Today's Thanksgiving celebration in the United States is said to be a re-enactment, the four hundredth anniversary of the original occasion—although even that is being disputed. Of course, don't let squabbles about the accuracy of such a claim spoil your turkey dinner.
Those who have long followed A Family Tapestry know Thanksgiving is my least favorite holiday, owing to the angst arising from my childhood loneliness during that celebration. My fixation on genealogy most likely has its roots in those lonely Thanksgiving mornings when I realized I was the only one my age left in the neighborhood; everyone else was traveling to spend the day with family. Where was mine?
With that in mind, and approaching this year's Thanksgiving holiday, I was slightly bemused to read an explanation for how genetic genealogist CeCe Moore eventually became involved in solving forensic cases. In Raffi Khatchdourian's in-depth article for The New Yorker, "How Your Family Tree Could Catch a Killer," the author theorized,
Virtually every genealogical quest...begins with a psychological mirage. What appears to be ego-driven—a desire to map relationships that affirm one’s centrality in the world—at some point reveals itself to be about others, people we can no longer see, hear, or perhaps even name.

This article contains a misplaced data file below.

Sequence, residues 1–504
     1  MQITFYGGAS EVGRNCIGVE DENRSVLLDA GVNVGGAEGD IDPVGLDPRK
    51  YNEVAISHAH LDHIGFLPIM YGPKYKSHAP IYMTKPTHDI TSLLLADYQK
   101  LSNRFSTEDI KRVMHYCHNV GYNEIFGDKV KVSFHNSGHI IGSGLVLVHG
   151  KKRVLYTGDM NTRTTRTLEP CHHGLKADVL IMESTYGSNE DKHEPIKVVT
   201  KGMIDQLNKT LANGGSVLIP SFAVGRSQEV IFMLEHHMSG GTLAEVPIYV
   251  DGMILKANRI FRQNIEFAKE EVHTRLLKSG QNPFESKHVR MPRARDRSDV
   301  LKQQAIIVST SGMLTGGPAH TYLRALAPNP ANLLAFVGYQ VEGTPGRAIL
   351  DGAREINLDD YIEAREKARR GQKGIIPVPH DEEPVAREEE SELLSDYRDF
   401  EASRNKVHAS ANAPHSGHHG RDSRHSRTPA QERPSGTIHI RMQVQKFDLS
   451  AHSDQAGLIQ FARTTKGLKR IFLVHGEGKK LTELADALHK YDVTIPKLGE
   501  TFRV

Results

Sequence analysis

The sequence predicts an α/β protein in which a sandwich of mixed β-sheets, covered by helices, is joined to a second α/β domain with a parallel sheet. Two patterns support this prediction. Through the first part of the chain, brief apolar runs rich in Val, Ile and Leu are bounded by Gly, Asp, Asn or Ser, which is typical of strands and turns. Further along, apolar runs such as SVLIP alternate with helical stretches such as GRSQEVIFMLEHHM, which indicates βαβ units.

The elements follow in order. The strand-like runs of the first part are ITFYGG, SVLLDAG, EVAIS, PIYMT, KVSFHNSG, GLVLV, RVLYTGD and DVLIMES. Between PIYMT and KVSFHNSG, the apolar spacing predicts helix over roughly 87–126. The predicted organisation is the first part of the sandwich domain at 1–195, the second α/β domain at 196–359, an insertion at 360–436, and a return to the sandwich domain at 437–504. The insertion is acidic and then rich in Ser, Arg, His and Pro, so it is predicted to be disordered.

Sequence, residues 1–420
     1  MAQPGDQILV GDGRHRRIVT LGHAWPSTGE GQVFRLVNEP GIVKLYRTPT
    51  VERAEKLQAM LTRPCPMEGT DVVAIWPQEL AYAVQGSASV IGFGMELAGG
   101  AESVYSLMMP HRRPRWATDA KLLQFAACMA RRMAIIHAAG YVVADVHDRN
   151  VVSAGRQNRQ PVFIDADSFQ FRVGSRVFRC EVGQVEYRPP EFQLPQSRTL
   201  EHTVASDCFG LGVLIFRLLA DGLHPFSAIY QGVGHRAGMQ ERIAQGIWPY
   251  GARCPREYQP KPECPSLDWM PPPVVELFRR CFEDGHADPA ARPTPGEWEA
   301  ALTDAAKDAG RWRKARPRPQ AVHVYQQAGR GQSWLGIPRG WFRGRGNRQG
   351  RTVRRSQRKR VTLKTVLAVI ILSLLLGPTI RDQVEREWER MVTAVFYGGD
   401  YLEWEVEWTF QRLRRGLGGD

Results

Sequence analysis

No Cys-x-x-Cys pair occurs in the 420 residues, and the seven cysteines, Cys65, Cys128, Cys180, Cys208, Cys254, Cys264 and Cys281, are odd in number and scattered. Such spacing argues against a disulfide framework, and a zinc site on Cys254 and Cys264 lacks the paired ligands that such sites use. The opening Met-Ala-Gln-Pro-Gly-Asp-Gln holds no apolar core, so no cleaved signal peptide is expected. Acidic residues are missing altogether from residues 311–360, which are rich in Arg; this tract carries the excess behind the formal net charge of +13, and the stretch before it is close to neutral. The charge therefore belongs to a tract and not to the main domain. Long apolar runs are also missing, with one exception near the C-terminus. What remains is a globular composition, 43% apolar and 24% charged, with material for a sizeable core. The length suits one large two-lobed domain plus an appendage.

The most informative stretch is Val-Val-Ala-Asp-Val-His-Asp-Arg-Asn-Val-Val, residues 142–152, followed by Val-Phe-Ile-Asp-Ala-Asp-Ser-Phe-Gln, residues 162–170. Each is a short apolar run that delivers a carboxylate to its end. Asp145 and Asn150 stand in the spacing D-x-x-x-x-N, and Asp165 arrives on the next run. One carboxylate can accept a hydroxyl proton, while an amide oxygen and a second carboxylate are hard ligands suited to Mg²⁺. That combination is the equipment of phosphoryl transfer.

Let's just say my quest to uncover my family's history sprang from quite the opposite of such a beginning. It came from a sense of recoiling from an existential nothingness—the fear that I was just out there, floating around in the empty space where a pedigree chart should have been. That's the sort of detachment I imagine adoptees experience, but here I was, a kid living with two parents and a sister—hardly a situation of isolation. Where was everyone else? I needed to find who else I might be a part of, not who else was out there, orbiting my centrality. It was always about the others, whoever they were—wherever they were.
The article's take: "All genealogy is a search for human continuity." Perhaps the hope that, since we've always been here, we'll be here in the future is a basic human yearning. But I'm not even sure I explore my roots, branches, and family connections for even that hope, compelling as it is.
Yes, perhaps imagining that pilgrims have been eating turkey dinners in November for four hundred years will quell any fears that we might not be here to enjoy the leftover turkey sandwiches from next year's feast, but to me, that doesn't seem a compelling argument. Maybe I'm just not as worried about human continuity as I should be. Rather than looking forward to next year's Thanksgiving dinner, or the next entry on our pedigree chart, perhaps the resolution of that quest, as The New Yorker article on CeCe Moore concluded, "reveals itself to be about others, people we can no longer see, hear, or perhaps even name."
Somehow, those others are still with us. And they, along with us, bring our collective influence into the future.